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What is a dance

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One step further | TV Mag

“When will the next Step Up come out?” This question has been asked four times already by numerous fans of the famous dance franchise (orig. Step Up). And since the summer of 2014, immediately after the release of the fifth part of the musical saga, the audience is again waiting for news and firmly believe that a new dance story is just around the corner. Franchise producer Adam Shankman also gave hope, not ruling out the appearance of at least two more new parts. And considering that all the previous five films were released exactly every two years, then the next Step Up, if it is worth waiting, is definitely not earlier than 2016. In the meantime, let's remember the first "Steps", while trying to understand the nature of their incredible popularity...

In total, as you know, five full-length stories of the dance franchise were released into wide release: Step Up, Step Up 2: The Streets, Step Up 3D , "Step Up Revolution" (Step Up Revolution) and "Step Up: All or Nothing" (Step Up All In). The premiere of the first film took place in 2006, then episodes appeared at the box office every two years, the date of the first show of the fifth part was scheduled for mid-July 2014. It is worth noting that with the end of filming of the vampire saga "Twilight" Step Up pentalogy has become the most reliable and long-term project of the independent American film studio Summit Entertainment . At the same time, different directors worked on each part of Step Up, except for the second and third, who, however, were able to achieve a sense of integrity of the entire series, despite each of the five plots being different from each other.

The main characters are professional dancers York, on the sultry beaches of Miami or in the fake ring of Las Vegas. In addition, Each of the five films is backed by an unparalleled selection of musical scores and mind-blowing dance performances by . And, of course, the main characters are professional dancers. In life, almost all of them learned to dance from childhood, and only then, much later, they mastered the basics of acting. Perhaps that is why, in the project, one can rarely see deep, heavy thoughts in the eyes of young guys. But the lack of acting skills is more than compensated by their bright personality, crazy energy and excellent sense of rhythm.

And one more interesting detail. It seems that interest in the entire Step Up series is also preserved thanks to secondary characters, who, enchantingly appearing in one part, in further stories receive, which is typical, not much more screen time (if not less), but the shots with their participation are like caps for flexers - add a special spectacle to the film. And this makes all five stories related, but by no means makes them the same. And the words of the funk legend James Brown are the best epigraph to the whole project of the world's most popular dance franchise "Step Up": "Any problem in the world can be solved by dancing"...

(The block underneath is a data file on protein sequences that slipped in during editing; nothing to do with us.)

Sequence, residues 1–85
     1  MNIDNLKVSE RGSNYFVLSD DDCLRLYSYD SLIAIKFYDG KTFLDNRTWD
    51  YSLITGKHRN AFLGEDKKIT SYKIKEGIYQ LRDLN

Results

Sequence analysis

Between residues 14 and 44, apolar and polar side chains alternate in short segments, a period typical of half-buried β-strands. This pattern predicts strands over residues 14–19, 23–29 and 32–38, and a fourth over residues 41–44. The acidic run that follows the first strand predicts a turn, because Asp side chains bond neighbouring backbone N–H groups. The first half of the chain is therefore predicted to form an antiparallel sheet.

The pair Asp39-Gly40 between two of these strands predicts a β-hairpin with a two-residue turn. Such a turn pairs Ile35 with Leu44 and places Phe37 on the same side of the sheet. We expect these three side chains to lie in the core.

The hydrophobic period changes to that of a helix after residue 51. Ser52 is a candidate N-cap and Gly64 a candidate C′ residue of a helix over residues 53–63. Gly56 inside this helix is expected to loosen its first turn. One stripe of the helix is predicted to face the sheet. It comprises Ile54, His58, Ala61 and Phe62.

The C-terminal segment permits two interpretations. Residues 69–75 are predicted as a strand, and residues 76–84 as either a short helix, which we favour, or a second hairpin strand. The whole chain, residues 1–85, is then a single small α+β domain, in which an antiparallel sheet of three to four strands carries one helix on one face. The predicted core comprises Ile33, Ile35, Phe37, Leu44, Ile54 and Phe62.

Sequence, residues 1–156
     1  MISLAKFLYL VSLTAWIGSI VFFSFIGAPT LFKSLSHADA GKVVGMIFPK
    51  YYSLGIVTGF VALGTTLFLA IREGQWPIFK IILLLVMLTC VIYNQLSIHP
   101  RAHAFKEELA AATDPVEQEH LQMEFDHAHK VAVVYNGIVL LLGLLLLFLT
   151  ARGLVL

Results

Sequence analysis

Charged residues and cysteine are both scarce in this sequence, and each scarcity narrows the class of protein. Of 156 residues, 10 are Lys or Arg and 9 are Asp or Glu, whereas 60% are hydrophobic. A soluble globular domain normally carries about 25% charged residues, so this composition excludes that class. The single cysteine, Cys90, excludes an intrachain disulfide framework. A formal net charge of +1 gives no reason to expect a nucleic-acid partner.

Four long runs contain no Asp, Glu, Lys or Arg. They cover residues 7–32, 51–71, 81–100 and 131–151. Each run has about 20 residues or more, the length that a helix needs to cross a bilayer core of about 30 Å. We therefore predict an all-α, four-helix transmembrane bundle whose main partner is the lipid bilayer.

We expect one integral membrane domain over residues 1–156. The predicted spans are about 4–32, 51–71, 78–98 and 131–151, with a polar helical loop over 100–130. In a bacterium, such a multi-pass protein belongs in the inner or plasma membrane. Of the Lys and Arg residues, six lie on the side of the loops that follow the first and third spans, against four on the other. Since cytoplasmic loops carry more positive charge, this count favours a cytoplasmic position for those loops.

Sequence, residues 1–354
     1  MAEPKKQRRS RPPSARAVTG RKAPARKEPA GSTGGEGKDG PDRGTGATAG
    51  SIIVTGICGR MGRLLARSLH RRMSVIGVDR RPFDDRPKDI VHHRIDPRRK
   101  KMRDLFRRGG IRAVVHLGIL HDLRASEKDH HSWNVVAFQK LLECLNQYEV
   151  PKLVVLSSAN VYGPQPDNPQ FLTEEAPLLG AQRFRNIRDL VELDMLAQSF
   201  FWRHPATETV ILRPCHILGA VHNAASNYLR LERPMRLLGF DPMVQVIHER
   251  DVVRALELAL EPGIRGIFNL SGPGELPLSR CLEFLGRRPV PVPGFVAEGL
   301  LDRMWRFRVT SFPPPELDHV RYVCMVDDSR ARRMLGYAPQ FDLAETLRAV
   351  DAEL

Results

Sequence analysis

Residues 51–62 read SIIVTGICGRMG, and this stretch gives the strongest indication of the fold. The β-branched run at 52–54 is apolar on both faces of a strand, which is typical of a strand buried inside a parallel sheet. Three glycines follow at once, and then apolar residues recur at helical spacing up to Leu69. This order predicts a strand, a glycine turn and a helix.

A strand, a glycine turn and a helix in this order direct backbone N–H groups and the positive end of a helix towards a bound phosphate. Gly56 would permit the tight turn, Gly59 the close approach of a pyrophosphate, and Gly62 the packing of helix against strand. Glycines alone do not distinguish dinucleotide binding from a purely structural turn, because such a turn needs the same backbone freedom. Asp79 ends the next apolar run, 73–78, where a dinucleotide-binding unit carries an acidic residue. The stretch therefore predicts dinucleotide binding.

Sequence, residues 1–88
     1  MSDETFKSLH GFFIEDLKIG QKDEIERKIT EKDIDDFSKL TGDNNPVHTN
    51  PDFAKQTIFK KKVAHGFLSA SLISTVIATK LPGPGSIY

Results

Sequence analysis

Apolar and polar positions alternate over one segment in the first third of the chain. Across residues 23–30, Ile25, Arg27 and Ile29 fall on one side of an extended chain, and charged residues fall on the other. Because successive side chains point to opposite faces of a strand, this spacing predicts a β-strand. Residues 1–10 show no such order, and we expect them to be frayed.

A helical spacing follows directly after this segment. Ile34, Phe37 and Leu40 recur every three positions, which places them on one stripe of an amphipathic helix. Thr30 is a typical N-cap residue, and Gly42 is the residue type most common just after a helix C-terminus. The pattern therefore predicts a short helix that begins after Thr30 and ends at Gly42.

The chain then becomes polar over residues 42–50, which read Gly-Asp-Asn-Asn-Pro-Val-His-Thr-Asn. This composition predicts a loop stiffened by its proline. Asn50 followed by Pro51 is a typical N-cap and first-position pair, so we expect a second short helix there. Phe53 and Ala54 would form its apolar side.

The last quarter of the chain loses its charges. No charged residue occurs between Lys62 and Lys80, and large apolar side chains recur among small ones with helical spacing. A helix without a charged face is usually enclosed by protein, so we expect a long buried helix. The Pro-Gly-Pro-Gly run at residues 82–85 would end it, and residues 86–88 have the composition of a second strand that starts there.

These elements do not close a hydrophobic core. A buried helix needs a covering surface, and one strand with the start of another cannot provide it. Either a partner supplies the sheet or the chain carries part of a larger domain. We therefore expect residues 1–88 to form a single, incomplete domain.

Feeling. In this story, everything is subject to feeling, it is a dance, and dance is a plot, to which only details are added to further emphasize the true purpose of the dance - to erase all boundaries and trust the feeling. He is a master of hip-hop, she is studying the classical art of dance. It seems to them that there is an abyss between them, but they just need to take a “step forward” towards each other. And the ballet pas will become a little more relaxed, and the step will become more polished. However, there are not so many differences between the main characters Tyler and Nora: he lives in a foster family, she lives in a prestigious area, but both of them are in no hurry to go home, because they do not understand their love of dancing. For Nora, failing an art school exam is tantamount to death Tyler and his named brothers may lose their lives without a purpose...

The first part of the film "Step Up" was released in 2006

The film was directed by Anne Fletcher, fond of dancing since childhood. Now she is an excellent choreographer, staging dances for films and music videos. Sometimes she is pleased with an invitation to the cinema as an actress. So, Ann Fletcher helped in the production work on the legendary project of Paul Thomas Anderson "Boogie Nights", and in the famous "Titanic" she played the role of a dancer. Step Up, starring Channing Tatum and Jenna Dewan, is her directorial debut. In the film, the protagonist Tyler has a named sister Camille (Alyson Stoner), she will take part in the last three parts of the project. In turn, Channing Tatum himself will be noted for his striking dance in the second story.


Freedom. It is to her that the entire action of the film is subordinated. The dance in this film goes beyond the academic - school and club - walls, becoming part of the street with its transience and unpredictability. Here, no one proves which direction in dance is more important, on the contrary, the problem lies within the dance itself with its usual foundations , which are not so easy to destroy. Surprisingly, even among the most talented students of the art school there are white crows, and in the street fraternity there are outcasts. The main characters of the film Andy West (Brian Evigan) and Chase Collins (Robert Hoffman) will have to unite such unformatted dancers by the standards of school bores and club smarts, urging them to go where it all began - to the streets dancing in the rain. ..

In 2008, Step Up 2: The Streets won the MTV Channel Award